GO
Loading...

Why China’s Bank Earnings Could Surprise Investors

Friday, 26 Oct 2012 | 1:59 AM ET

Bank of China, the country's fourth-largest lender by market value, defied expectations and beat consensus estimates for its third-quarter earnings on Thursday amid concerns that the sector is hurting from a slowing economy. Now, some analysts say pessimism about the sector may be overblown and that the lender's numbers may be a sign of things to come for its peers.

Frederic J. Brown | AFP | Getty Images

The company reported third-quarter net profit of 34.76 billion yuan ($5.57 billion), higher than analysts' estimates of 32.7 billion yuan ($5.24 billion). Profits were up 16.7 percent in the July to September period, from 29.8 billion yuan a year earlier, its biggest quarterly profit gain in a year.

Interest margins also widened, with little indication demand for credit has slowed. Indeed, interest margins, which measure loan profitability, actually widened to 2.12 percent at the end of September from 2.1 percent at the end of June.

Some observers had been concerned about the sector, especially a decline in interest margins and a spike in non-performing loans, as they expected a general slowdown in the economy would have dampened appetite for loans and reduced companies' ability to finance borrowings. (Read more: China's Steel Traders Expose Banks' Bad Debts)

According to Grace Wu, Hong Kong and China banks analyst at Daiwa Capital Markets, Bank of China's margins on Thursday proved that some views had been too bearish.

"We believe the third-quarter numbers at other big banks are likely to show even better-than-expected (net margin) trends, given that Bank of China's domestic interest margins (are) already the weakest of the Big 4 banks. We believe consensus estimates …are overly bearish."

Attention has now shifted to Agricultural Bank of China (AgBank) and China Construction Bank (CCB), which will report their third-quarter numbers on Friday, and Industrial and Commercial Bank of China (ICBC), on October 30.

How Other Banks May Do

AgBank could post profit growth of 15 percent, and CCB, of about 10 percent for the quarter from a year earlier, according to Barclays' analyst May Yan. ICBC could post earnings growth of 11 percent and is the British bank's top pick among its peers, she added. Sanford C. Bernstein's senior analyst Mike Werner has estimated earnings growth of 8.9 percent, 10.4 percent and 12.2 percent for Agbank, CCB and ICBC, respectively.

While still nothing to be scoffed at, the estimates are still lower than the average of 12.45 percent earnings growth that the Big Four posted for the second quarter and marks a sharp slowdown from the 30-35 percent earnings growth enjoyed by the banks in 2010 and the first half of 2011.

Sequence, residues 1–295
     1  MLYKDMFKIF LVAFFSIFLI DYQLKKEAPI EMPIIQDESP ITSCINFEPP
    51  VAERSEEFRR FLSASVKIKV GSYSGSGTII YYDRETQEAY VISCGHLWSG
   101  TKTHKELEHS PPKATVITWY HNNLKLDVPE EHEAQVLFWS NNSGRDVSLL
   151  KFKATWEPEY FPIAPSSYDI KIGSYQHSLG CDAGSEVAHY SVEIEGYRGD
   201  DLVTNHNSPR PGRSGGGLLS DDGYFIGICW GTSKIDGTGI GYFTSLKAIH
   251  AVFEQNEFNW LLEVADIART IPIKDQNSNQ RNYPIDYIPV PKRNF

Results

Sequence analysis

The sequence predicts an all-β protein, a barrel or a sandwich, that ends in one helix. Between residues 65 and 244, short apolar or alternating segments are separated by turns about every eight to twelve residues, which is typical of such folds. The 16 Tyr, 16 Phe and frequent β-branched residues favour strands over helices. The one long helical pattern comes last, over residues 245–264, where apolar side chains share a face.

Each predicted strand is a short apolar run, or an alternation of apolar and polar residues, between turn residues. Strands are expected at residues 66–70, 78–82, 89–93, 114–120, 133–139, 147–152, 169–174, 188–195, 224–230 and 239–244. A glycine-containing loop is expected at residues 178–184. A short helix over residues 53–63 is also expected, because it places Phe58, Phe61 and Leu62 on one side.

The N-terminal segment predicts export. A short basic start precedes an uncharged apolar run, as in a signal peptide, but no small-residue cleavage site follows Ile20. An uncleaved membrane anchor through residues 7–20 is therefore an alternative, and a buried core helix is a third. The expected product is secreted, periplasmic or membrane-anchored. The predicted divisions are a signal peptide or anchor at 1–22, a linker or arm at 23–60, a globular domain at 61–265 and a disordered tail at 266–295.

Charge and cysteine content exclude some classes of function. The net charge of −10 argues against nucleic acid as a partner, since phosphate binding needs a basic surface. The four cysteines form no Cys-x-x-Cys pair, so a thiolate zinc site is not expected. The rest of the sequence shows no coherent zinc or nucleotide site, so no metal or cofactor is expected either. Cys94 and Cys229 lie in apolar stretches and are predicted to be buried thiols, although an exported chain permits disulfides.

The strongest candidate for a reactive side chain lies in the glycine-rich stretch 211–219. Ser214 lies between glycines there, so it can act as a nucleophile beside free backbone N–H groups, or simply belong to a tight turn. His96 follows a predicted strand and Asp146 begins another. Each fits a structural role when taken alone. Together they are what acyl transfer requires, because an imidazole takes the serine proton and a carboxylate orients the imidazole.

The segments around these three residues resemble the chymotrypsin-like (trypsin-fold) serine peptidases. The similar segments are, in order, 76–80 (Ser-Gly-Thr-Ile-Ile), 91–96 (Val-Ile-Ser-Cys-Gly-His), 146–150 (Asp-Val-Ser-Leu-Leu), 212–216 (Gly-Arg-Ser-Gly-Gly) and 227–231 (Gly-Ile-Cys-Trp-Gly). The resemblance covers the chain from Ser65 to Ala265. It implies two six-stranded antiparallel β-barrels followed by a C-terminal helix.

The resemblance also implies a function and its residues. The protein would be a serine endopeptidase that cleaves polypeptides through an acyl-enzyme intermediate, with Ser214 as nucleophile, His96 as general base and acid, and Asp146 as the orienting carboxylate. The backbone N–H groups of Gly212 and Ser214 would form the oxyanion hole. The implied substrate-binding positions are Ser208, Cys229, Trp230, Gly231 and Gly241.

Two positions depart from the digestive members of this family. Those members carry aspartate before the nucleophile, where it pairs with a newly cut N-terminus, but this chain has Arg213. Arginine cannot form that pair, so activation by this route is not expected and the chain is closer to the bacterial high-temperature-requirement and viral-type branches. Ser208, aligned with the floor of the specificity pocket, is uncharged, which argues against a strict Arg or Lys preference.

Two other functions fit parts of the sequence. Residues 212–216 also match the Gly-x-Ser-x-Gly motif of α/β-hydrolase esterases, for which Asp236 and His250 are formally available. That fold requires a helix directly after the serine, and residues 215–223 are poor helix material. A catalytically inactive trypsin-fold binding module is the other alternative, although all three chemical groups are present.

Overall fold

However, these low expectations may mean that there could be potential for Agbank and CCB to surprise on the upside, Werner said.

"It's not going to be as bad as some people think. Interest margins are going to hold up … and businesses are still healthy," Werner said. "It's still healthy numbers coming out from these banks."

Werner is however worried about AgBank, which may not have set aside enough capital to compensate for the risk it is taking on its loan books.

"We are concerned that its low core capital adequacy ratio may force it into a dilutive equity rights offering in the coming 12 months," Werner said. "That is very negative for share prices. And that's the concern we have for AgBank now. We could see Ag bank in theory slow down their growth tremendously."

Adding to a brighter picture for Chinese banks is the non-performing loan ratio at Bank of China, which actually declined. At the end of September, the bank's non-performing loan ratio stood at 0.93 percent, down from 0.94 percent at the end of June. (Read more: China Banks' Bad Loans Steady, Capital Adequacy Up)

Simon Ho, head of regional financials at Citi, said there could be a chance that non-performing loans would increase in the third quarter for banks, but this is not in "blowup territory yet." As a comparison, the non-performing loans ratio for U.S. banks is close to 5 percent, according to data from the World Bank.

Mizuho Securities's banking analyst Jim Antos likes both ICBC and CCB.

"We view both institutions as defensive plays, based on what we see as their superior financial profiles and an attractive dividend," he said. He expects the two banks to post 12 percent and 11.2 percent increase in third-quarter profits.

By CNBC's Jean Chua